Clear, intelligent, courteous and open communication is essential within the firehouse, on the fire ground and when interacting with the public. You will need to know how to be an active listener, just like they teach in couple’s therapy and live with, work with and get along with a multitude of personality types.
You will need to know how to handle irate citizens, use radios to relay essential information to your crew, incident command or others, calm frightened patients and victims, console distraught family members and even co-workers, relay essential patient information to paramedics, nurses and doctors, instruct children in the area of fire safety, educate adults in fire prevention and CPR, explain and enforce fire codes to business owners, enlighten residents as to what their tax dollars are paying for, and do all of this with the utmost tact, patience, intelligence, professionalism and courtesy.
Some people are better communicators then others, but it is a skill that can be improved and must be improved if you want to not only land a job (excel in an interview), but be a successful, well functioning firefighter as well.
In today’s world and today’s fire service, communication and the way we communicate is rapidly changing. Communication is not just verbal. Writing communication is also equally important.
We are communicating via e-mail more and more and using computers to communicate in new and different ways every day. Whether it is report writing, or communicating via e-mail, or other high-tech avenues having professional written communication skills will also be very important and essential to the job.
4. Flexibility and adaptability
These are actually two separate traits. Like many of the other traits, these also apply to both the fireground and the firehouse. One who is flexible can sleep anywhere, eat anything, do any job under any circumstance, function as a part of any team or group and thrive in any group dynamic, has few, if any, pet peeve’s and does not burden those around them with his or her wants or specific needs.
Those who are not flexible are instead rigid or high-maintenance. They have specific needs, many pet peeves and are particular about certain things. As firefighters these individuals not only have a hard time themselves, but they can make it difficult for everyone else around them. Firefighters need to make many sacrifices and compromises and have the willingness and ability to live and work very dynamically.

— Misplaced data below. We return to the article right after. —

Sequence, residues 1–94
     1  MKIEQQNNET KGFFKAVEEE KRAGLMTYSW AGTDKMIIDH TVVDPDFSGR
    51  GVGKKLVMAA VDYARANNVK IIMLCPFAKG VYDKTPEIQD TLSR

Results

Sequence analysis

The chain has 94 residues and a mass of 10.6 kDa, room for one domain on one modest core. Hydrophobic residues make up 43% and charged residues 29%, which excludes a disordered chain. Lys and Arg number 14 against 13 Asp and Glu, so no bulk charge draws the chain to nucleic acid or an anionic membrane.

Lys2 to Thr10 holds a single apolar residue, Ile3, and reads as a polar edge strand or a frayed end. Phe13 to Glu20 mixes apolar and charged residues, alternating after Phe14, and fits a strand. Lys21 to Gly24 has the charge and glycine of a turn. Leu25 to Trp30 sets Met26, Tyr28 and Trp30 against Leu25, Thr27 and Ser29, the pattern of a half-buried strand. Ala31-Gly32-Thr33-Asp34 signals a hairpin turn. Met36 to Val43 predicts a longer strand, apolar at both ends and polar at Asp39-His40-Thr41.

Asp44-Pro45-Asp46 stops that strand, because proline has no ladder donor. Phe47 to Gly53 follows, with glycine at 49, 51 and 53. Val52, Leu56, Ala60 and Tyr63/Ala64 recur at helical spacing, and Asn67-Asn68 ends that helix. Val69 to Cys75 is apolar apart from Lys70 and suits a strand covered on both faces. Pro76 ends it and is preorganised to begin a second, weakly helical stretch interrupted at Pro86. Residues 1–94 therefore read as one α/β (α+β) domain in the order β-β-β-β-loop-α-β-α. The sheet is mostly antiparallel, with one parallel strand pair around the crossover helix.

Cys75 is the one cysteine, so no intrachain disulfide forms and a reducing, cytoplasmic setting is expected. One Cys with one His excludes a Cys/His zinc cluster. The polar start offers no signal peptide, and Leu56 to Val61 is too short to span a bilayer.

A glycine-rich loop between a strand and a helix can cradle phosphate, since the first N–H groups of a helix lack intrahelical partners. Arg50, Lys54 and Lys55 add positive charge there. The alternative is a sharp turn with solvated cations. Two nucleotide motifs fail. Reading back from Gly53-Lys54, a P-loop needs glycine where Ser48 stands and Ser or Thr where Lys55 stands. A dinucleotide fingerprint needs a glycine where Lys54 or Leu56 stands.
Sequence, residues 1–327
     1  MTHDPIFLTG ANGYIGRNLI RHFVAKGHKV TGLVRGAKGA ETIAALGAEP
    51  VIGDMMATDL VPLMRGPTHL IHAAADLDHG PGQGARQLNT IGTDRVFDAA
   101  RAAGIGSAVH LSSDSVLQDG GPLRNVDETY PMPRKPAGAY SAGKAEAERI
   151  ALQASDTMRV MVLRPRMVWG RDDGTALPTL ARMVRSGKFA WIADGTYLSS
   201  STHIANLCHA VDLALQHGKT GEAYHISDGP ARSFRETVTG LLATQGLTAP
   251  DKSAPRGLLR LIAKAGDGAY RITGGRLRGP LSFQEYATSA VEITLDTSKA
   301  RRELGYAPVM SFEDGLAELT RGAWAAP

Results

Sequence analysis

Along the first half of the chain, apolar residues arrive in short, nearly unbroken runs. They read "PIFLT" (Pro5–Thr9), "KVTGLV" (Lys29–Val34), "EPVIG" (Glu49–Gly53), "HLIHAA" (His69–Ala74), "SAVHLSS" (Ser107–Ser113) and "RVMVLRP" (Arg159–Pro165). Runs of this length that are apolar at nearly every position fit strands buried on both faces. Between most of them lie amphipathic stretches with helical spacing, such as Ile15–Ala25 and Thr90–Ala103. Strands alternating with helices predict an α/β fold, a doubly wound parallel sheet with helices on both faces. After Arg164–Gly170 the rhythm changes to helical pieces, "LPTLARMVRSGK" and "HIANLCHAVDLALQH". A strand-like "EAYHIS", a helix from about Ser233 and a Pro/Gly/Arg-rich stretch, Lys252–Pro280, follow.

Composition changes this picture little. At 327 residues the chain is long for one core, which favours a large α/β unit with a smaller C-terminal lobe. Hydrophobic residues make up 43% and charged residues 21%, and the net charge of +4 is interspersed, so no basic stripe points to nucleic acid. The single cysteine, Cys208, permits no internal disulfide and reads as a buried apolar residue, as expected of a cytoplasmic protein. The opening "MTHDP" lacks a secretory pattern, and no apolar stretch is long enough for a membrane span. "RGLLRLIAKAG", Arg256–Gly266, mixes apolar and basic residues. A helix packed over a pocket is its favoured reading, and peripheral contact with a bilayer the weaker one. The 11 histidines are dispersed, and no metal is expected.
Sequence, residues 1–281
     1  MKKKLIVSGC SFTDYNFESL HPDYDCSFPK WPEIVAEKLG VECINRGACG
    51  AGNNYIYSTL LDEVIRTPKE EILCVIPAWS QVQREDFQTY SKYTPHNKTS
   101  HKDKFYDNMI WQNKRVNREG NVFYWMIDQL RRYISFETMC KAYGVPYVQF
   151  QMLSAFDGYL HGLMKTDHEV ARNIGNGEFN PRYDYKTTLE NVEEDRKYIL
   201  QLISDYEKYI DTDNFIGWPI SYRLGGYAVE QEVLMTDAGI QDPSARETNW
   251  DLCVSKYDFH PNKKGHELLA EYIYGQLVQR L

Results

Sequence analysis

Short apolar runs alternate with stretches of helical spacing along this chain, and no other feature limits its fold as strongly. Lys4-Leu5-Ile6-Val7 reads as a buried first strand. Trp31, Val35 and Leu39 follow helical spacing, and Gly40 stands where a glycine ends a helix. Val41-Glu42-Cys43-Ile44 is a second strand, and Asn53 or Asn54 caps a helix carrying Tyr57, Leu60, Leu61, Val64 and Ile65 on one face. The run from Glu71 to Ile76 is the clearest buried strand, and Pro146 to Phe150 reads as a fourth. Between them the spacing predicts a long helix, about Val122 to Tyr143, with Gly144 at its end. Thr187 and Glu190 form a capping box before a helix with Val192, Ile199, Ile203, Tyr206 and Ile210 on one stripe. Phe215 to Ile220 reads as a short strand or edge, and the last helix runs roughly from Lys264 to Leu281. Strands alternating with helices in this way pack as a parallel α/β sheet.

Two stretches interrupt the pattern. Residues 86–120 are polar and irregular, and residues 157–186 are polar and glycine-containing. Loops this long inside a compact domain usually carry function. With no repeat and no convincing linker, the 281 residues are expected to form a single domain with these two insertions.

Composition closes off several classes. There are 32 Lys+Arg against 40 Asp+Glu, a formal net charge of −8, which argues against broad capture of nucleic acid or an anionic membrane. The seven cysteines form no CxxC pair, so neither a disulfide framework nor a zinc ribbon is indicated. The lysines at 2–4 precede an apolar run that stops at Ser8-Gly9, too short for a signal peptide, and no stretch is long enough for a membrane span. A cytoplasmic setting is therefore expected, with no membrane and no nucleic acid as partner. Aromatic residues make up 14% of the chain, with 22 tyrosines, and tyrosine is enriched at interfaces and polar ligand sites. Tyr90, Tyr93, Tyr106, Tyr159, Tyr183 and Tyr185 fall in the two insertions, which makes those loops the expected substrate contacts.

Adaptability is defined as finding a way to change with their environment and overcome various situations, whether they are living situations or stressful fireground situations. Things are constantly changing for firefighters, from the environment we work in, to those we work side by side with, to the job itself.
You must be able to easily adapt to new people, new settings, changing job descriptions and the changing conditions under which you perform those jobs. When one road is blocked you must be able to quickly find the detours and navigate yourself and your crew creatively through any obstacle to accomplish the tasks and goal at hand.
This includes the ability to work under stress and perform your job duties under a variety of time urgent, life-threatening and otherwise high-stress situations. The ability to maintain a clear presence of mind under stress is of utmost importance and an essential part of being considered adaptable”.
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Dedication to the job is a vague and generic term that encompasses many traits and often goes by other names. Regardless of what you call it, it is essential that firefighters are hard-working, hard-training people who take pride in their work and want to be the best at what they do.
Firefighters should never settle for mediocrity within themselves. They must strive for excellence at all times no matter how menial the task may be. They must be dedicated to the job and all that it entails, the glamorous and not so glamorous, the fun and exciting and the boring and monotonous.
There will naturally be aspects of the job that some are more drawn to than others, but a general passion for the work, a solid work ethic and the drive to always be learning and bettering yourself are essential. It is too easy to get comfortable and complacent, fall behind the curve and not learn new things or grow as a firefighter.